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Cell Stress Chaperones. 2002 Apr;7(2):177-85.

Overexpression of Hsp27 affects the metastatic phenotype of human melanoma cells in vitro.

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Institute of Cancer Research, University of Vienna, Austria.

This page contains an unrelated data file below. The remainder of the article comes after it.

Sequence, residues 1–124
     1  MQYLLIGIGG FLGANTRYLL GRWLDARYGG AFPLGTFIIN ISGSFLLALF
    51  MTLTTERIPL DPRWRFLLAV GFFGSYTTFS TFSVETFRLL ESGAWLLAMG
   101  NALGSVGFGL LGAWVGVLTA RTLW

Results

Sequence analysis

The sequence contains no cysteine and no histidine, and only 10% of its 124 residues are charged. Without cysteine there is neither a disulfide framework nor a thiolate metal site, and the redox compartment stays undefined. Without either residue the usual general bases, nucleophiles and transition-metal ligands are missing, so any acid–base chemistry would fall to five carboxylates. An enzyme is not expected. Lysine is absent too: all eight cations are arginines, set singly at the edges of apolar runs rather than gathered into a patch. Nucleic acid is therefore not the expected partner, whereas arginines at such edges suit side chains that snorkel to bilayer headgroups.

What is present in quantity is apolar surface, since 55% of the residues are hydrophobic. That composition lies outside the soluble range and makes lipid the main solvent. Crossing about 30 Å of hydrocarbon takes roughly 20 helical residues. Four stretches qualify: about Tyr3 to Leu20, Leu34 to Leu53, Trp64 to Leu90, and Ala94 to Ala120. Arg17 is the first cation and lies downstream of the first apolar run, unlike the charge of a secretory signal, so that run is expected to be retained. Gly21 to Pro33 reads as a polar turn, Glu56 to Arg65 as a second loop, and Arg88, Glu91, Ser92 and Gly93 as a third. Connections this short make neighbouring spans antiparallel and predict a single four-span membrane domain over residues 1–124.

Overexpression of the small heat shock protein Hsp27 has been shown by us to inhibit the in vitro proliferation rate and to delay tumor development of a human melanoma cell line (A375) in nude mice. We hypothesized that Hsp27 may influence the neoplastic phenotype. In the present study Hsp27 transfectants from this cell line were analyzed for various cellular aspects associated with the metastatic process. We found that Hsp27-overexpressing clones exhibited an altered cellular morphology as compared with control transfected cells. The Hsp27-positive cells tended to develop an epithelial-like phenotype growing in clusters and were characterized by a loss of transcytoplasmic stressfibers. In parallel, Hsp27-expressing cells lost the ability to form colonies in soft agar. The invasive potential was studied in vitro by the use of a reconstituted extracellular matrix-coated filter (Matrigel). Compared with controls, Hsp27-overexpressing cells showed decreased cell invasiveness through Matrigel. A correlation between invasion and activation of matrix metalloproteinases (MMPs) has been shown in several cell models. Secretion of MMPs (MMP-2 and MMP-9) was studied by gelatin-substrate zymogram analysis, as well as by a sensitive gelatinase activity assay. The Hsp27-transfected A375 melanoma cell line showed decreased secretion of MMP-2 and MMP-9 as compared with the control transfected cells. Integrins are adhesion receptors and function in cell invasion by mediating cell movement on matrix molecules and by regulating the expression of MMPs. Both fluorescence-activated cell sorter analysis and immunofluorescence analysis revealed a loss of alpha(v)beta3 integrin in Hsp27-transfected cell colonies. Our results demonstrate that Hsp27 overexpression has a profound impact on several parameters regulating the invasive and metastatic potential of melanoma cells in vitro.

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